Hatozaki Finest Whisky

Hatozaki Finest Whisky (Photo by the brand)

Dirty Little Secret

In 2020, I wrote a scathing expose’ on Japanese whisky’s dirty little secret, expressing my concern that very little of it is actually Japanese. Much of it is purchased Scotch, Irish, and even American whisky repackaged and labeled as Japanese. And, while the new rules were enacted to standardize what “Japanese Whisky” means, they don’t kick in until 2024. Also, they only apply to brands choosing to participate and have no consequences for failure to adhere. So, the old rule continues to hold- caveat emptor!

Hatozaki Finest

Despite the apparent deception, some of that so-called Japanese whiskey is good! Hatozaki is a brand taking advantage of flexible rules. Even though their label prominently displays “Product of Japan,” there’s no evidence that it’s distilled in Japan, much less by the distillery. When I asked for clarity about its heritage, the brand responded, “Hatozaki is a collection of blended whiskies…”

Their official description is, “Hatozaki Finest is an unpeated, delicate, and floral premium blend of whiskies. Hatozaki Finest is smooth and easy to mix. It can be served in a cocktail. Balanced and delicate, it works to give a new look to many classic Japanese cocktails such as the Highball or the Matcha Tea Highball.” I take that to mean that it’s not Japanese, and I leave you to decide whether that matters to you. That said, I’m pleased I had the opportunity to try it again. I first tasted Hatozaki Finest Japanese whisky in late 202o and found it quite pedestrian. I can report that I liked it nominally better this time, placing it in the category of other low malt, grain-heavy basic blended Scotch whiskies.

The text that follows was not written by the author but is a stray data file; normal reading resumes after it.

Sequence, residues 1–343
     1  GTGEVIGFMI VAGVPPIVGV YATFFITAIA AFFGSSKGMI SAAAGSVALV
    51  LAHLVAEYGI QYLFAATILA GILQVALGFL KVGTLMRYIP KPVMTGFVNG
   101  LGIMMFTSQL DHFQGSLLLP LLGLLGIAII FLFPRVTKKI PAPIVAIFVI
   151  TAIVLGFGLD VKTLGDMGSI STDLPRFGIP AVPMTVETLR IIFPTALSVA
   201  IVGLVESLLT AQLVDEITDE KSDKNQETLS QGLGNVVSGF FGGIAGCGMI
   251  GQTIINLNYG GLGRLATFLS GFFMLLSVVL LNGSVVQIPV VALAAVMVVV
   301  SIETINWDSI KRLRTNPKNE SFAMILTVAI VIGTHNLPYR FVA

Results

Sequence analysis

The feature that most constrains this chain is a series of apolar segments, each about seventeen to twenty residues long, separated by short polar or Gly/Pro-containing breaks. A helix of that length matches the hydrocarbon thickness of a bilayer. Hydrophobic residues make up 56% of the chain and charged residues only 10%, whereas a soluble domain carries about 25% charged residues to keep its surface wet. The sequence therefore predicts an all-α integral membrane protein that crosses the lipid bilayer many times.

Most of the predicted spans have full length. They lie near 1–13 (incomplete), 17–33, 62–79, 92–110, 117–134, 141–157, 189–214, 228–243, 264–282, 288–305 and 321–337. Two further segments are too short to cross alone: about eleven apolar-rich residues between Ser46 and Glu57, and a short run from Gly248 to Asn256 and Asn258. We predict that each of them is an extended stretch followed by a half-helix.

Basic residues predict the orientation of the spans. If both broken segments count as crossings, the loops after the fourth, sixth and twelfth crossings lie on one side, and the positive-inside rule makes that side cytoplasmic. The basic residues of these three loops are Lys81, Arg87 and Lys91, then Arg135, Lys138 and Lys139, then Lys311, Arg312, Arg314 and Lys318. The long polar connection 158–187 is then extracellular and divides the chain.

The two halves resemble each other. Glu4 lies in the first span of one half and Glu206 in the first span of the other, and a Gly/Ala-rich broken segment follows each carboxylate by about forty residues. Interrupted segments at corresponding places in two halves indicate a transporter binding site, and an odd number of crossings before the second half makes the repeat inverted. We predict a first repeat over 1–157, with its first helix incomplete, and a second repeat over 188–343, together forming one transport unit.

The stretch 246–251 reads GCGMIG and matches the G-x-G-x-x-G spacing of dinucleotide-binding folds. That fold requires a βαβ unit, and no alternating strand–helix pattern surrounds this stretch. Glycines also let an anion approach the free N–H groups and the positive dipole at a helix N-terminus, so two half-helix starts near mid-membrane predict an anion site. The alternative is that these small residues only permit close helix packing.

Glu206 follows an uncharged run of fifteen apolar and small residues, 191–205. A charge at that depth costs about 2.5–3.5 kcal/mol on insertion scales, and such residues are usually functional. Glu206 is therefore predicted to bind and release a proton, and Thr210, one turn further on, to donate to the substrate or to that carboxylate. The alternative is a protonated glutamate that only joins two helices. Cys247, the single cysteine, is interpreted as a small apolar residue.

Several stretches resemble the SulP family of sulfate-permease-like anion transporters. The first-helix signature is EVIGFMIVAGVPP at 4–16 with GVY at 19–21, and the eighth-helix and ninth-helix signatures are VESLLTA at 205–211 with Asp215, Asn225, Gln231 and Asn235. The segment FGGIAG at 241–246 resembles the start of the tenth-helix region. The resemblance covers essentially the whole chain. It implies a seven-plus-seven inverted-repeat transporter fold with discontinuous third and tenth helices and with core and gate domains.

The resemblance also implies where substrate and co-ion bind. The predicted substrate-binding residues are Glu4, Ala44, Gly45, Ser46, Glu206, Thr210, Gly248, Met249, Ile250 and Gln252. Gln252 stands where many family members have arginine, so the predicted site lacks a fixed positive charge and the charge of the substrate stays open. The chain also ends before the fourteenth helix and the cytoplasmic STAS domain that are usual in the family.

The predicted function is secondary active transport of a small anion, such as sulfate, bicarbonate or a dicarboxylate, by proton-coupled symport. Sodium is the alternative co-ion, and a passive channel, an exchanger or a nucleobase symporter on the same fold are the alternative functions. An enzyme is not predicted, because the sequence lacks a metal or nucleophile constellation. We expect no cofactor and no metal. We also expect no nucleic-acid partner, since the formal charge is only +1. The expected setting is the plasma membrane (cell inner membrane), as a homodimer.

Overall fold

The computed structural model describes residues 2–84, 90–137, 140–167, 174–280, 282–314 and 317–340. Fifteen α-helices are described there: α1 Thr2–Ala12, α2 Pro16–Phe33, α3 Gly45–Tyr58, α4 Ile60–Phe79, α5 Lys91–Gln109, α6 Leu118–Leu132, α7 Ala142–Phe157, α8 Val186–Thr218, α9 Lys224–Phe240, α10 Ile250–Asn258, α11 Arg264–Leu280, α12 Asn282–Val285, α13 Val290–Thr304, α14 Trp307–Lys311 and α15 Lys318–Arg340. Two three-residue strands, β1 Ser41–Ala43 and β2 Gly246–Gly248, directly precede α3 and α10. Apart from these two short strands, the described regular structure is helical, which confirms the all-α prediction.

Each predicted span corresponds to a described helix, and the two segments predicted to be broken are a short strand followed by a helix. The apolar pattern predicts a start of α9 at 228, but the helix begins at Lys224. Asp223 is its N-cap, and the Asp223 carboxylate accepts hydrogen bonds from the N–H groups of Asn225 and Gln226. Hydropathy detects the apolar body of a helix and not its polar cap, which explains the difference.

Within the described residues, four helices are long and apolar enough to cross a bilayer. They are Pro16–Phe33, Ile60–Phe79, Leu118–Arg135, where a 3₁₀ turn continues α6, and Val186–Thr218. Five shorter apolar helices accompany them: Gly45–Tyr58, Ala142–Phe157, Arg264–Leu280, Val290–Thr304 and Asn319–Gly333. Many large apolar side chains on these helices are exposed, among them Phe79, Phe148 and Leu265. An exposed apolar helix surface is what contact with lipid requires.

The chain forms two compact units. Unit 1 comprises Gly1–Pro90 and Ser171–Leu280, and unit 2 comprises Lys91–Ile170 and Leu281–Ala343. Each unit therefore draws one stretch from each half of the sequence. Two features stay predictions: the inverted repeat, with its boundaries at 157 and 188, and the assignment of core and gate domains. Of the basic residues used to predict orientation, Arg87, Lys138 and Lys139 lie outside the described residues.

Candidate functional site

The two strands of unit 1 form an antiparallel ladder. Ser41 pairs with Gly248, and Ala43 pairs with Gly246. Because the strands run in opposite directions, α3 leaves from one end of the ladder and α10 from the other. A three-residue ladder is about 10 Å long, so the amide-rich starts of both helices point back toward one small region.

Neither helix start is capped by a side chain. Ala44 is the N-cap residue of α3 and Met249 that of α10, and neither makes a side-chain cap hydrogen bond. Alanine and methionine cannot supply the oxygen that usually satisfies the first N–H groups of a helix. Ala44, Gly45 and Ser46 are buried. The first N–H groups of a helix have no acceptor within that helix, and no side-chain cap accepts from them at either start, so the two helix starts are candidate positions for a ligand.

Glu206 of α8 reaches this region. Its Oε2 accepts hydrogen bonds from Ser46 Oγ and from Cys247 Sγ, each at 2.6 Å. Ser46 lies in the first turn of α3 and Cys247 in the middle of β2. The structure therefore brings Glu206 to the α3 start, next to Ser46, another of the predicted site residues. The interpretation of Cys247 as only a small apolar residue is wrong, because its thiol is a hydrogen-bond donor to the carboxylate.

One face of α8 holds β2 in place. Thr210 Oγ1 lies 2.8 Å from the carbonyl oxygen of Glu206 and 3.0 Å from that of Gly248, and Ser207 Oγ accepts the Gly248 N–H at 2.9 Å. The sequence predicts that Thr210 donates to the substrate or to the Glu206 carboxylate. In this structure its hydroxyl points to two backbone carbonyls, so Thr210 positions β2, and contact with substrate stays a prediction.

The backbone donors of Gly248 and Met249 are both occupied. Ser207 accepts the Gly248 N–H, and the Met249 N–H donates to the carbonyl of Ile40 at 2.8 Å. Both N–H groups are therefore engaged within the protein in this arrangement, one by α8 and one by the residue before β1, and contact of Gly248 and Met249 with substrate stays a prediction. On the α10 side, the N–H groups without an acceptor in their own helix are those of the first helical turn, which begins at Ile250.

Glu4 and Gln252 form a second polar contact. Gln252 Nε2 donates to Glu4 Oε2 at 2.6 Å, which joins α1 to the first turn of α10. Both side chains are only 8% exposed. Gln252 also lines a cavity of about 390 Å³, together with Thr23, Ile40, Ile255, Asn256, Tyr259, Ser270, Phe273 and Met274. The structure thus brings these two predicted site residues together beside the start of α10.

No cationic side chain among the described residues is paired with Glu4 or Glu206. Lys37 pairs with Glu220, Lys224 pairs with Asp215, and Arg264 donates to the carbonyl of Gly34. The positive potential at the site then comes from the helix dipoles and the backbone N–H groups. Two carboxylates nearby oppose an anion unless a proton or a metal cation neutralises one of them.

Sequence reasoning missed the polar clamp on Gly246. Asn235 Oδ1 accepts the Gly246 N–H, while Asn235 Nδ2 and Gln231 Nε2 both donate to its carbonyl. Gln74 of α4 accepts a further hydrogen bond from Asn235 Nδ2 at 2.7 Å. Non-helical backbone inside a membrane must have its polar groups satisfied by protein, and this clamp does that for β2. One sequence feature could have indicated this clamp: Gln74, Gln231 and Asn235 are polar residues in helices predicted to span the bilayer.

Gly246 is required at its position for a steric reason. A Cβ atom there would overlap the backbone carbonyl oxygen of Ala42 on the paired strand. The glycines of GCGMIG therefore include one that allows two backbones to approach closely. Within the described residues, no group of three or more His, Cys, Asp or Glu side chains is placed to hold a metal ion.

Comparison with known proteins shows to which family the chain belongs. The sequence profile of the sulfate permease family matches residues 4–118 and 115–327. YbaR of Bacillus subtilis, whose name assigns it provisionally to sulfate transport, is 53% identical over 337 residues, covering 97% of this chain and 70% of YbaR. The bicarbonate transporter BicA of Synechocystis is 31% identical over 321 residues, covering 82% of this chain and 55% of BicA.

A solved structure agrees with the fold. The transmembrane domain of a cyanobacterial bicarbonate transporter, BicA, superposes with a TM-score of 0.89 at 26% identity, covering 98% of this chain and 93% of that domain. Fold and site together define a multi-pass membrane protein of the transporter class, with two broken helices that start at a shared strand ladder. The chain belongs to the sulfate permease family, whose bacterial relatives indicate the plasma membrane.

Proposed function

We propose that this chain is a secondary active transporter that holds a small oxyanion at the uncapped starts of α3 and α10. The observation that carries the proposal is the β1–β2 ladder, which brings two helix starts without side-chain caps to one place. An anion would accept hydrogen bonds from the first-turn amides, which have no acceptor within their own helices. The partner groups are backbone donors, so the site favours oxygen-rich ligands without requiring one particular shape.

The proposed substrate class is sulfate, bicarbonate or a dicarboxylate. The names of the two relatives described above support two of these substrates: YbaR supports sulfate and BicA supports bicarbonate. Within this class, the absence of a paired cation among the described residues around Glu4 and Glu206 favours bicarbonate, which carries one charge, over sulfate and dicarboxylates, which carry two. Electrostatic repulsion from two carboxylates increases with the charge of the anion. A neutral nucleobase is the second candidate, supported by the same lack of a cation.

Tasting Notes

It pours a pale straw color, likely due to limited wood aging – the label states, “without coloring or chill filtration.” The aroma is subtle, with ethanol initially prominent. Extensive swirling and hand warming release mild notes of youthful grass, hay bales, malty cereal, and cut flowers, melded with distant hints of melon and citrus. The mouthfeel is much bigger than the aroma would suggest, with a round, warming sensation, and noticeable sweetness. There’s also an alcohol bite, surprising given its 40% ABV. Initially, there’s a vegetal, mushroom-like flavor, along with moist soil, unripe banana, melon rind, dried coconut, and more citrus. Mid-swallow reveals a grassiness leading to hints of wood, bell pepper, almond flour, tea biscuits, and some white pepper.

This is not a whisky that I would buy, but your tastes may differ. I might use this as a cocktail blender, but at a retail price of just under $50, there are myriad other options- one’s I far prefer.